After spending two days at Weekend at the Asylum, I’ve returned the grey bleakness of rain. I only attended for two days, but that time was an exhausting, yet exhilarating time. The seventh installment was even bigger than the previous version with a lot more to do and a lot more people involved.After leaving my car, I approached the area that Asylum was being held from around the back of the Cathedral. It took several minutes before I even saw anyone attached to the event, but rounding the corner, I found myself approaching the Castle from the Cathedral. A moment later and I was in the middle of throngs of people as they milled around the market stalls.
The first thing I noticed was the sheer amount of photographers there. It was a bit of a shock to see so many, however there are a couple of changes this year to last year’s events. The event was held on August Bank Holiday, so the city naturally be busier. It was a glorious day on Saturday, so a lot more people will have been about because of that as well. On top of that and the VSS have really gone to town this year with so much to do, I couldn’t decide which bits I wanted to see the most.
Let’s get the criticisms out of the way first because they’re only small and more of a hint on something to look out for in future than an actual fault. When I arrived, I went straight to the Assembly Rooms to get my wristband, except they weren’t there this year. Now this may have been communicated in advance on leaflets or emails, but I didn’t see it. I understand that’s not the fault of the organisers, but if I missed it then a hundred others also missed it. After I’d picked up my wristband, I knew I wanted to participate in the Costume Parade and had to submit my details by 12pm. I couldn’t arrive earlier than 11.30am and had got to the tent by 11.40. I left the tent and headed directly to the Assembly Rooms as per the instructions on the program and website. I was told that it was to be submitted at the tent where I got my wristband – the place I’d just been to – and that the program and website had last year’s information on it. All I can ask as an improvement is that communication is made that little bit clearer and it will be better. Still, nothing really to worry about too much.
I noticed that there were one or two differences this year: The smaller market that was in Westgate had been removed and was more focused on events, talks and workshops. I didn’t attend anything in the Assembly Rooms aside from the Droids and Daleks exhibition in the back. I didn’t want to attend the Illicit Market (because it doesn’t happen) but unfortunately, I had to leave for home before it began.
It may just be me but the market area seemed to have fewer stalls. There were plenty, though and being someone who used to work on markets in my younger days when early mornings weren’t dealt by the Devil, fewer stalls generally means more revenue. Especially at an event such as this where people will go with an intention of looking around and buying something. The talks and workshops I managed to attend were the “The Art of Distressing and Weathering” by Major Q. Thankfully the only things that got distressed were the plastic guns. After a look at the amazing outfits on display and a chat with friends, I changed into Steampunk Freddy and had some pictures taken before the Costume Parade.
Sunday was more milling about but as I was with family I got the opportunity to look around more – especially as some were first timers. I still managed to catch a talk on “The Anarchists Armoury” which was an interesting discussion about real weapons used by the anarchists in the Victorian era. It covered how the word “anarchy” had been corrupted from its original meaning and we even got to learn about how the anarchists had much more fire power than the Police of the day. We then raced over to the Castle to catch the back end of the Queen’s Parade. After some lunch and a last meander round it was my time to leave.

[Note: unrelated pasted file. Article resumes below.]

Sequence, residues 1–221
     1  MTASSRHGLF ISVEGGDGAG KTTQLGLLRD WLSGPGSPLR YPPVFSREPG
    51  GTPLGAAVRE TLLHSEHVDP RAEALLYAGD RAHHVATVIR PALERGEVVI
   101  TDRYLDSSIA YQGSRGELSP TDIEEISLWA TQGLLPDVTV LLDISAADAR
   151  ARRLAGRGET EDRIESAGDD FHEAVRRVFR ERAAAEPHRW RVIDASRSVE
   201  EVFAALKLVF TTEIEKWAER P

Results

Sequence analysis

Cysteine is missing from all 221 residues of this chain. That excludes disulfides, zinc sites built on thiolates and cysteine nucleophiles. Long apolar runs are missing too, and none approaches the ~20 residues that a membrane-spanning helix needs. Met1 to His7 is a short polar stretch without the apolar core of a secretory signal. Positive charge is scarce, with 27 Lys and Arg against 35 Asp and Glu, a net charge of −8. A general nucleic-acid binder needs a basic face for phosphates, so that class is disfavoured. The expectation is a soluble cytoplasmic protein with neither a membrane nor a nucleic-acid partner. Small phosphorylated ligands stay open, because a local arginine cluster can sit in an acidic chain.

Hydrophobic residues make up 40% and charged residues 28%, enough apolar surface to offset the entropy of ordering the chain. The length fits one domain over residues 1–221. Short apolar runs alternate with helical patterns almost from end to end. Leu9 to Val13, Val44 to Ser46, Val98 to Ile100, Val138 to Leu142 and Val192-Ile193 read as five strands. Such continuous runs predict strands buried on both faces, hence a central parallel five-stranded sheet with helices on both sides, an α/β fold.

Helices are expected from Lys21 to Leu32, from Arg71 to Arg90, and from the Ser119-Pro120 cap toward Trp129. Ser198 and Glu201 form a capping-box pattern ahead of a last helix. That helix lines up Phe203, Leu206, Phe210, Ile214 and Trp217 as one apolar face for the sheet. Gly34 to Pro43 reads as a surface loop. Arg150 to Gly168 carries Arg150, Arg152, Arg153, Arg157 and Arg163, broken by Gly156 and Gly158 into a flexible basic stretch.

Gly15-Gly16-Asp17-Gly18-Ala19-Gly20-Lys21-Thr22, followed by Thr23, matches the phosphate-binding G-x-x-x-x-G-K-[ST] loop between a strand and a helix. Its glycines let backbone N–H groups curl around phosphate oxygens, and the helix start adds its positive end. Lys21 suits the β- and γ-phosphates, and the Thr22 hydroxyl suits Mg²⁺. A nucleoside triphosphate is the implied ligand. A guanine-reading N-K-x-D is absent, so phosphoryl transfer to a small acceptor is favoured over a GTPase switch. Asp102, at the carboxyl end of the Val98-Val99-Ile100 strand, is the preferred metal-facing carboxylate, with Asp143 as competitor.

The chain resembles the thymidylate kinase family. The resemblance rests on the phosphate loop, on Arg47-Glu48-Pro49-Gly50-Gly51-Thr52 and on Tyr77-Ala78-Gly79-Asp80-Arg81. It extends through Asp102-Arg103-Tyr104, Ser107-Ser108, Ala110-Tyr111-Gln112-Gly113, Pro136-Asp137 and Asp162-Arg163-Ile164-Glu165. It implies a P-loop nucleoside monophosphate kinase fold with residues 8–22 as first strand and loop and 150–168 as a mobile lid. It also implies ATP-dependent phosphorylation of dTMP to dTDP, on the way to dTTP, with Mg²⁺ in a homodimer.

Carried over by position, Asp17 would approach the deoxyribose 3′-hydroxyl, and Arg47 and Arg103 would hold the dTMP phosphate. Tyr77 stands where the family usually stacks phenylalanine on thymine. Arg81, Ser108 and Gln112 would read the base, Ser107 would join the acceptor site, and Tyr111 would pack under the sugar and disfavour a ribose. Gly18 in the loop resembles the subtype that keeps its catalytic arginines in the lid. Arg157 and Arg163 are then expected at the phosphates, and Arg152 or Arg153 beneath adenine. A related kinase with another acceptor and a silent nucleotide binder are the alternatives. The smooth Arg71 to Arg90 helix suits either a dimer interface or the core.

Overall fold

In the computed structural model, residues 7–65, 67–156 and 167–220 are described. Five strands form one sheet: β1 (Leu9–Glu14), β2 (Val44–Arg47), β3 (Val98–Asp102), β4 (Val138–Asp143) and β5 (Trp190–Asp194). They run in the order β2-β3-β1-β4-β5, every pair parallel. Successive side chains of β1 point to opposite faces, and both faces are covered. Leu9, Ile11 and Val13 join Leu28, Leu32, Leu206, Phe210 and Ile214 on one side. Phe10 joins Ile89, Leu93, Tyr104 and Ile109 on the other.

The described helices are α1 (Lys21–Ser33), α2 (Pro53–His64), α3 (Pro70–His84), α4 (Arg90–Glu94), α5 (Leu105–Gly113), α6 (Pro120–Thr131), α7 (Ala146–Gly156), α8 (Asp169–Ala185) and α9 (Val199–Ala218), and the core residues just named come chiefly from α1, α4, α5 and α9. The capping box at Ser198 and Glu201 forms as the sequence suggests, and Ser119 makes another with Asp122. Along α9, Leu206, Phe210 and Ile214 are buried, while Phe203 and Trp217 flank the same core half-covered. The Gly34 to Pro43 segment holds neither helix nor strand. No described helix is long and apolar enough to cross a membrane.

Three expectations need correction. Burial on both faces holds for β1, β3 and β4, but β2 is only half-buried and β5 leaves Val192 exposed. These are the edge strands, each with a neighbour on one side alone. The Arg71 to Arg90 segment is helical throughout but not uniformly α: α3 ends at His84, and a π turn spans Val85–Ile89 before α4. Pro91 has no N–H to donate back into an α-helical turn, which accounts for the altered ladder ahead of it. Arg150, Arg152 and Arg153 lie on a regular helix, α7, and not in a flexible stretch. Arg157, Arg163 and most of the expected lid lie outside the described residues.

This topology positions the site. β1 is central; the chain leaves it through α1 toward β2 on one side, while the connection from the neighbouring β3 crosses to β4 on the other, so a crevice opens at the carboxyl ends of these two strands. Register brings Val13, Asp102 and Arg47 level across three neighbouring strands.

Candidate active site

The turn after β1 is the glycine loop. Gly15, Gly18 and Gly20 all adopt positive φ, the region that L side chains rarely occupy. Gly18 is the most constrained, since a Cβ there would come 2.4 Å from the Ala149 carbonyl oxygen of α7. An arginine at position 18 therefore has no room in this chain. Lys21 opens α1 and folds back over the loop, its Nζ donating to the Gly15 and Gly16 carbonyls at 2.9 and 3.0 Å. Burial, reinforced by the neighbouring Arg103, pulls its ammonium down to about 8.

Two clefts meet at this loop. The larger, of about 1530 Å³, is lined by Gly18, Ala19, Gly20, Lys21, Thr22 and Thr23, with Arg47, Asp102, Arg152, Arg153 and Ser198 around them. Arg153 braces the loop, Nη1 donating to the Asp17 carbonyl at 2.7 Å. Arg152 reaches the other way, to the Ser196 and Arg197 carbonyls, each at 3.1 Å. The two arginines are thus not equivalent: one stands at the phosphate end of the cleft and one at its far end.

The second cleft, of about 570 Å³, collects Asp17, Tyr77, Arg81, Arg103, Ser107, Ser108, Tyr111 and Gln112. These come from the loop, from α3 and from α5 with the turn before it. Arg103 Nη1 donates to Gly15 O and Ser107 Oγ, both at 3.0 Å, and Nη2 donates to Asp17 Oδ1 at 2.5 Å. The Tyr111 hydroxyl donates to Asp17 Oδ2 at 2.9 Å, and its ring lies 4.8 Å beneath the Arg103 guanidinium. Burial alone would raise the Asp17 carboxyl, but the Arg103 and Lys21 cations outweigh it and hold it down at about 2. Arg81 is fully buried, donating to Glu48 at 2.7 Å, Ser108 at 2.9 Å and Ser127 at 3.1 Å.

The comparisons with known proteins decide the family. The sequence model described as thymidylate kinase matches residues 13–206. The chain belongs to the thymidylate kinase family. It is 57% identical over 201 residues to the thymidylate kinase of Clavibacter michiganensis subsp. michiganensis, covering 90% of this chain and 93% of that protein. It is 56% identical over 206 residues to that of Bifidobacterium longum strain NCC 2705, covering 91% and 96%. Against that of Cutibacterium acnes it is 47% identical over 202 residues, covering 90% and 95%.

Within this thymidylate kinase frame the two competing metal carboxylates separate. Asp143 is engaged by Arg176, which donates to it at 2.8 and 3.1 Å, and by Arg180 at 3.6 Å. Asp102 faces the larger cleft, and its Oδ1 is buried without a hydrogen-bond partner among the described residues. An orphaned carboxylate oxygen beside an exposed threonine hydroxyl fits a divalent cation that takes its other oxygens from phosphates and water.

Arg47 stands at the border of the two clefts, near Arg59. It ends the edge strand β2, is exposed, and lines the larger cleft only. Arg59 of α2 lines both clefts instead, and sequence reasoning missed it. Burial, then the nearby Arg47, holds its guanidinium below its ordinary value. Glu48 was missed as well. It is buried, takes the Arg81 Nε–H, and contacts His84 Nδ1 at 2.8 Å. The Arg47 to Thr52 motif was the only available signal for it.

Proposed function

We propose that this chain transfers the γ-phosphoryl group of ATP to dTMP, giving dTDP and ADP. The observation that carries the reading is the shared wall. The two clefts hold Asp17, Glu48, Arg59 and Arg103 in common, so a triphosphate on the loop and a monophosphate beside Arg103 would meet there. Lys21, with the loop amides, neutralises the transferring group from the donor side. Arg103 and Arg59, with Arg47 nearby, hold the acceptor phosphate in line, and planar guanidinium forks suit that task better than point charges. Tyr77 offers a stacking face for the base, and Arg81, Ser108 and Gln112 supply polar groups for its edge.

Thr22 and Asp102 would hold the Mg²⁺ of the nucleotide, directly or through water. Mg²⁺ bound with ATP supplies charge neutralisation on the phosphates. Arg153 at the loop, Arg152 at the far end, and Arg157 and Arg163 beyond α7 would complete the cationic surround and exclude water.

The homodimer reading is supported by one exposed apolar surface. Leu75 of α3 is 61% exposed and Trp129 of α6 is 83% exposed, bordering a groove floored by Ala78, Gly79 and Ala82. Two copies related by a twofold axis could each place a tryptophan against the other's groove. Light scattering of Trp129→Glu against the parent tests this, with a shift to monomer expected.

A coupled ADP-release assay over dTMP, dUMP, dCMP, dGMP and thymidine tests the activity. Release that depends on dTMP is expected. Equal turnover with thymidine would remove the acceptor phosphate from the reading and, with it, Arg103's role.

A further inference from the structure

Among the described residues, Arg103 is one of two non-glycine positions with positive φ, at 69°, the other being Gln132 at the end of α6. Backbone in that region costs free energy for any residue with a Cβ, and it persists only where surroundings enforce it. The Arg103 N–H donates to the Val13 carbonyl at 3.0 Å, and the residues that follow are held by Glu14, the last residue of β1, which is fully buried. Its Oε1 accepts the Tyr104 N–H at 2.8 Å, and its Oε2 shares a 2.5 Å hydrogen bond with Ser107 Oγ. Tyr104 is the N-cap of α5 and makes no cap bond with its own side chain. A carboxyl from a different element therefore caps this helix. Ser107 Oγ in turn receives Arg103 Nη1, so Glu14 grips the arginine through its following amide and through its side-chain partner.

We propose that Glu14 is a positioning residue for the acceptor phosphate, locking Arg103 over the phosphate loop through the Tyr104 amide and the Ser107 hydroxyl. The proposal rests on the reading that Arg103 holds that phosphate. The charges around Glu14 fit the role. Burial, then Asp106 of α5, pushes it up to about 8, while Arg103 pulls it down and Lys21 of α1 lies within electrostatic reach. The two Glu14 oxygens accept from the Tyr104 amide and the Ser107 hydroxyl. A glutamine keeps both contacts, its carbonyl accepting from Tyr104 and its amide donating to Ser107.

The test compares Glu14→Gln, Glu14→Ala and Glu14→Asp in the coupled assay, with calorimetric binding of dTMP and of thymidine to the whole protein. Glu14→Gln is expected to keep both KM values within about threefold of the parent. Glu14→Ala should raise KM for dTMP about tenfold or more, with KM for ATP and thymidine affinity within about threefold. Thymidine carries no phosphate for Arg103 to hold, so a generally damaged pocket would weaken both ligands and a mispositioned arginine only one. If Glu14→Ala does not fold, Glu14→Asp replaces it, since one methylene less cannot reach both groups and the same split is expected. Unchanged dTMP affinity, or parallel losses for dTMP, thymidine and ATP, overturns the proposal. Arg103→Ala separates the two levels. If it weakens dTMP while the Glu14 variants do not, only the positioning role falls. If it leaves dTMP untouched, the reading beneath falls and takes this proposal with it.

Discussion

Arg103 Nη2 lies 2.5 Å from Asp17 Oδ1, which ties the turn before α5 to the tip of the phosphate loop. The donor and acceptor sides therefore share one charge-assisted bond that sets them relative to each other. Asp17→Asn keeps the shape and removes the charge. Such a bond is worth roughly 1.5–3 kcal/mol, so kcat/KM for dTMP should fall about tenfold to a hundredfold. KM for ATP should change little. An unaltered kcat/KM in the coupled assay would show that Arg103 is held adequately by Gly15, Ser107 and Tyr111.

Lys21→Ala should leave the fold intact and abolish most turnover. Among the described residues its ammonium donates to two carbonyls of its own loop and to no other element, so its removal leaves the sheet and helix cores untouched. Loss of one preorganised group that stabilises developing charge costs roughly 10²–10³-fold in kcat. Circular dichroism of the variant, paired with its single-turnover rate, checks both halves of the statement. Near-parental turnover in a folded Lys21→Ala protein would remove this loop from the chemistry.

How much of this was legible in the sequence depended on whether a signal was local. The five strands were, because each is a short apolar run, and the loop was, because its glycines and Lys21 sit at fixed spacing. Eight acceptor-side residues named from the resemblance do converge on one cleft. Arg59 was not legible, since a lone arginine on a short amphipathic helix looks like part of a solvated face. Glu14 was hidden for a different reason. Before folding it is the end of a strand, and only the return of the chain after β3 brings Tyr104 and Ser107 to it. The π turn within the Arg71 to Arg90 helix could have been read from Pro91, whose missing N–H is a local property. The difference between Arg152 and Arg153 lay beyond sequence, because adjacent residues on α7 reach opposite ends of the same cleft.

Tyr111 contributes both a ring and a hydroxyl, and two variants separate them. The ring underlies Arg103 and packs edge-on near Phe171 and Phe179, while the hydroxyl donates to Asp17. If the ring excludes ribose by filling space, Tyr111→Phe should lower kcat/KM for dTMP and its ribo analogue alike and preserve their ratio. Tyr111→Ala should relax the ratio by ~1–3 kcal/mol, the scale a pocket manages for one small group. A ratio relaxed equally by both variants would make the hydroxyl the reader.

I enjoyed my time a lot more this year than I did last year. I still didn’t get involved with the evening entertainment – I was too slow getting the tickets this time – but I felt much more a part of the festivities. This could be down to the larger spread of activities or the fact that I actually went and watched talks and workshops. It could be because I dressed as Steampunk Freddy and had my picture taken. I like to think that last year – being my first – I simply wandered around trying to take everything in without actually integrating. There was so much to see, but a year on and a year wiser and I did a lot more. I also noticed a lot more this year. I went about it differently. I spent all Saturday just in the Castle grounds. I did it on purpose to make sure I saw everything without the distraction of the Castle Square, Assembly Rooms or Westgate.
A lot of people on social media have commented on the amount of photographers there and also some people have had negative interactions with them. I felt the same way, especially when I was elbowed out of the way by a photographer racing round Amy Smart to get a picture of her stunning outfit. I hope it’s not the same problem that Whitby Goth Weekend started to get a few years ago with intrusive and rude photographers.
If you’re a photographer, please take care at these types of events. We’re not your free models for you to do as you wish. You don’t own the person you’re photographing or the space around you and them. I know what it’s like, I’ve had my own photography business for nearly a decade now. I understand the passion and desire to get the best shot or that unique image that no-one else has, but not at the cost of the person who has given up their personal time for you – for next to nothing in return – or the other people who have paid to go and enjoy the place where you’re currently knocking them out of the way.